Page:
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Johannesburg Regains Qantas Quadjets As The Airbus A380 Takes Over Sydney Flights


  • Qantas will deploy the A380 to Johannesburg from July 2024 for the first time
  • It will be the longest-ever regular A380 service that is entirely in the Southern Hemisphere
  • Johannesburg last had three airlines with double-decker flights in 2018

Qantas will fly the Airbus A380 to Johannesburg from next July as part of a broad array of changes. Replacing the Boeing 787-9 will result in more than double the number of seats per flight. While the equipment swap is not yet reflected in schedules or booking engines, Johannesburg will join a small group of airports to have A380 flights from three or more airlines.

Qantas A380s to Johannesburg

Australia’s flag carrier will deploy the double-decker quadjet to South Africa for the first time. While it is unclear what exact date this will happen, but it appears to be July 8th.

Of course, the 6,863-mile (11,044 km) route used to see quadjets in the form of Qantas’ retired 747-400. The airline’s last 747-400 flight to Johannesburg was in April 2020.

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When the A380 operates, seats per flight will rise from the current 236 with the 787-9 to 484/485. It will have considerably more capacity than at any other time.


Image: GCMap.

Johannesburg will gain 14 first class seats – up from the present zero – along with a meaningful increase in business and premium economy seats and well over twice as many economy seats. (It is unclear if first class will be sold as such, as it is not on Qantas’ coming A380 flights to/from Hong Kong.)

Currently, July 2024’s schedule is as follows, with all times local:

  • Sydney to Johannesburg: QF63, 09:35-15:40 (14h 5m block time)
  • Johannesburg to Sydney: QF64, 17:40-13:25+1 (11 45m)

Airports with three or more A380 airlines

As of August 21st, 56 airports globally are scheduled to see the A380 next July. This is subject to change as next summer is so far away. Of the 56, only eight will have flights by three or more carriers, as summarized in the following table.

Qantas Airbus A380-800

Photo: G Tipene I Shutterstock.

Note: Lufthansa has not yet scheduled any A380 flights for next summer. Presently, it operates them from Munich to Boston and New York JFK, to switch to Bangkok and Los Angeles this winter. Next summer, Boston and JFK are scheduled to see the A350-900. As Lufthansa’s A380 plans are unknown, I have assumed they will again be used on the same summer routes.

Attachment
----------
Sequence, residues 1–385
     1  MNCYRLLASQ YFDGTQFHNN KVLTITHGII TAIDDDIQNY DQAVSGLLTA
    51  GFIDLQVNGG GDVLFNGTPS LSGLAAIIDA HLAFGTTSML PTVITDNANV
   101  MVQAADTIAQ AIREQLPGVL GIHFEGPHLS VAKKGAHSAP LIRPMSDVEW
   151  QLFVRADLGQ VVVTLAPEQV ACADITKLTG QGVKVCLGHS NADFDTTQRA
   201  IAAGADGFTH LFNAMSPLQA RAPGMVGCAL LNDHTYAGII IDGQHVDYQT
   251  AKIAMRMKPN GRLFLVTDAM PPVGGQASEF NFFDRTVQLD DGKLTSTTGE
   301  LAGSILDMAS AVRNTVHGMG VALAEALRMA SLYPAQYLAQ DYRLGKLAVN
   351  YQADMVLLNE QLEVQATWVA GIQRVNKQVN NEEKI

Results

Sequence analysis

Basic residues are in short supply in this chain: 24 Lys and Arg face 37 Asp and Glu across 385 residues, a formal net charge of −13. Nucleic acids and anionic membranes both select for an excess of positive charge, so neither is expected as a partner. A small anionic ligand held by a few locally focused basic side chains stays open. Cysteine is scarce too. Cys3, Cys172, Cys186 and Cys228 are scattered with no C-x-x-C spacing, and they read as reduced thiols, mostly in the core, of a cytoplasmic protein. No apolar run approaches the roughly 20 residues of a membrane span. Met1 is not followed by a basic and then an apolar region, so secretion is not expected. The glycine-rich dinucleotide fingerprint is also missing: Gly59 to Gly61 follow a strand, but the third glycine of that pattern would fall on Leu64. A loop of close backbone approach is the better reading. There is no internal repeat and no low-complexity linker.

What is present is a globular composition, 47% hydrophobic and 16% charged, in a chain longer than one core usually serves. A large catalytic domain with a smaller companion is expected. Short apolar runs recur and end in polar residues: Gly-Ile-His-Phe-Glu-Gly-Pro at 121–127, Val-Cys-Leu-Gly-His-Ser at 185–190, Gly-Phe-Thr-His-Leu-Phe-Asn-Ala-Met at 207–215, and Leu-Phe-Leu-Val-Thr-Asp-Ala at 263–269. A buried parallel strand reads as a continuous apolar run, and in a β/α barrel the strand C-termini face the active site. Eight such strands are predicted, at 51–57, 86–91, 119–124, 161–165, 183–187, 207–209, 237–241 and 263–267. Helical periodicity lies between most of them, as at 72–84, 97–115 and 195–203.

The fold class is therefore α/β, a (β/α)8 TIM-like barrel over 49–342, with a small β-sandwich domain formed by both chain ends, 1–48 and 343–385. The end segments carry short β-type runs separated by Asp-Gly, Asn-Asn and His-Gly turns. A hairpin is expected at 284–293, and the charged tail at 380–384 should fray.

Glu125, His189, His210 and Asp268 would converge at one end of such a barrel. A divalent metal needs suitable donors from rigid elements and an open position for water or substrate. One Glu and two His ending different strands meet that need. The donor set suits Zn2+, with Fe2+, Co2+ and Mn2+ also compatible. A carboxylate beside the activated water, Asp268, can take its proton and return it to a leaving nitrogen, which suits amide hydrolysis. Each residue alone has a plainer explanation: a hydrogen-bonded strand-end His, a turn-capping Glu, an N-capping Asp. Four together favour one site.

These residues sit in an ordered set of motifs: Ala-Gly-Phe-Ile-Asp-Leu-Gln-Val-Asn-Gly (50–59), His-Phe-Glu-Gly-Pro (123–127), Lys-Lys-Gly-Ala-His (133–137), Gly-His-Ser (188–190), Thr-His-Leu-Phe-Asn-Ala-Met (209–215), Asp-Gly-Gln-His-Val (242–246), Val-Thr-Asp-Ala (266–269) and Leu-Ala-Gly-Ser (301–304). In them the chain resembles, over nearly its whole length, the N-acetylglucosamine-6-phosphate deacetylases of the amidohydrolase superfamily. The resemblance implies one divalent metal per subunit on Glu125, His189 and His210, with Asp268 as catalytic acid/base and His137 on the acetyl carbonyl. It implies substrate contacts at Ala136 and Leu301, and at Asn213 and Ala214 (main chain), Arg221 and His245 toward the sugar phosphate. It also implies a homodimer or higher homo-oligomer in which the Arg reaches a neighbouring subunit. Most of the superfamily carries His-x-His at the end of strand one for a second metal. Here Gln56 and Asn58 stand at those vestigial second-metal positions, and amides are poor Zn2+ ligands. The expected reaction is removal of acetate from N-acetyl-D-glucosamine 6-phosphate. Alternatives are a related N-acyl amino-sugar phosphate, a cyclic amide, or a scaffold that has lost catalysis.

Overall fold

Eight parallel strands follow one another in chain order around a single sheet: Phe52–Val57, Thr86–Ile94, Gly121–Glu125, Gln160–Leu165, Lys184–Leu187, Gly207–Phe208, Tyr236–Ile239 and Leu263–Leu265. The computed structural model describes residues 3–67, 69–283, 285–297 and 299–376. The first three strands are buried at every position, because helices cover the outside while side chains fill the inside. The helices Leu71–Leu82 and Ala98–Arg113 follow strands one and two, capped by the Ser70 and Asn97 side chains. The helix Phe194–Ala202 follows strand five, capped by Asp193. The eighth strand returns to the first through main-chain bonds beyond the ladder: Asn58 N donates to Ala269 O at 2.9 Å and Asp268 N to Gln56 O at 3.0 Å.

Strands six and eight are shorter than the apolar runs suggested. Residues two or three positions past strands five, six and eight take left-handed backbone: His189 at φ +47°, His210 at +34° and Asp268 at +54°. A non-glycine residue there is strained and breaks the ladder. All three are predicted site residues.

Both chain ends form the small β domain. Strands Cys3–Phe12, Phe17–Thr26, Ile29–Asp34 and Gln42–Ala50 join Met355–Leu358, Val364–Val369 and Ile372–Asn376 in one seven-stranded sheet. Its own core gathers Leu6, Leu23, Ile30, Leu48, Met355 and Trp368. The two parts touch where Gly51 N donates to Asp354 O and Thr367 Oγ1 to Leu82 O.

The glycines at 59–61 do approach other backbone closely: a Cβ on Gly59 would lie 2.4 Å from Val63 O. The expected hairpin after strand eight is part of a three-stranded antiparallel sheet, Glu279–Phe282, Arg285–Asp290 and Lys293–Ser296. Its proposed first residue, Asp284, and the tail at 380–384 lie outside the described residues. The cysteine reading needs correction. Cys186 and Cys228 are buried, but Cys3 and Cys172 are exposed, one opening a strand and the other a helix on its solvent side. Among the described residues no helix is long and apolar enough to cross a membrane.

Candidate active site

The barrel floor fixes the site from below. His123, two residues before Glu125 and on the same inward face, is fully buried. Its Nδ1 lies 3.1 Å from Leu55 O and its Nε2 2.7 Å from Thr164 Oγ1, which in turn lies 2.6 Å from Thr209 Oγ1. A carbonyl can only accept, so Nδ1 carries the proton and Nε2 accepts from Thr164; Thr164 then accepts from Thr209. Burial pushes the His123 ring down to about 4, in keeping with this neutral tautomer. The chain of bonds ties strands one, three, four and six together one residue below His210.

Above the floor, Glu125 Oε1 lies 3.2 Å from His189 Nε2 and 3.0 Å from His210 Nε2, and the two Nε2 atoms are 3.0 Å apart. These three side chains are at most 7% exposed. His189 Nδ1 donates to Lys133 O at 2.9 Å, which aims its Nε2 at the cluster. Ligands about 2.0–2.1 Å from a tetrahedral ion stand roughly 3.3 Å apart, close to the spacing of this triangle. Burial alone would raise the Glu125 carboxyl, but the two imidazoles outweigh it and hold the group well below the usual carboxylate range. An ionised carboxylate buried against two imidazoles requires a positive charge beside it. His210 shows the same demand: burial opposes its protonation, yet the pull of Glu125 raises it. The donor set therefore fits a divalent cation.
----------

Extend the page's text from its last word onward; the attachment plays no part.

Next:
Number of A380 airlines: July 2024*

List of carriers

London Heathrow


British Airways, Emirates, Etihad, Qantas, Qatar Airways, Singapore Airlines

Los Angeles


British Airways, Emirates, Korean Air, Qantas



British Airways, Emirates, Qantas, Singapore Airlines



Emirates, Qantas, Qatar Airways, Singapore Airlines



Asiana, Emirates, Singapore Airlines



British Airways, Emirates, Qantas

New York JFK


Emirates, Korean Air, Lufthansa**

Seoul Incheon


Asiana, Emirates, Korean Air

* Subject to change

** See comments above

Where Qantas’ Johannesburg passengers go

According to booking data, Qantas carried approximately 208,000 Johannesburg passengers in 2019, with a seat load factor of 91%. Like many long-haul routes, it had a wide variety of sources of passengers:

  • An estimated 43% transited Sydney (Auckland-Johannesburg was the most popular market)
  • 20% were point-to-point (they only flew between the two cities)
  • 19% ‘bridged,’ so connected in both Sydney and Johannesburg (Auckland-Cape Town was top)
  • An estimated 18% of Sydney passengers transited in Johannesburg (Sydney-Cape Town was by far the most popular)

What do you make of it all? Let us know in the comments.

Sources of information: OAG, booking data, Google Flights.


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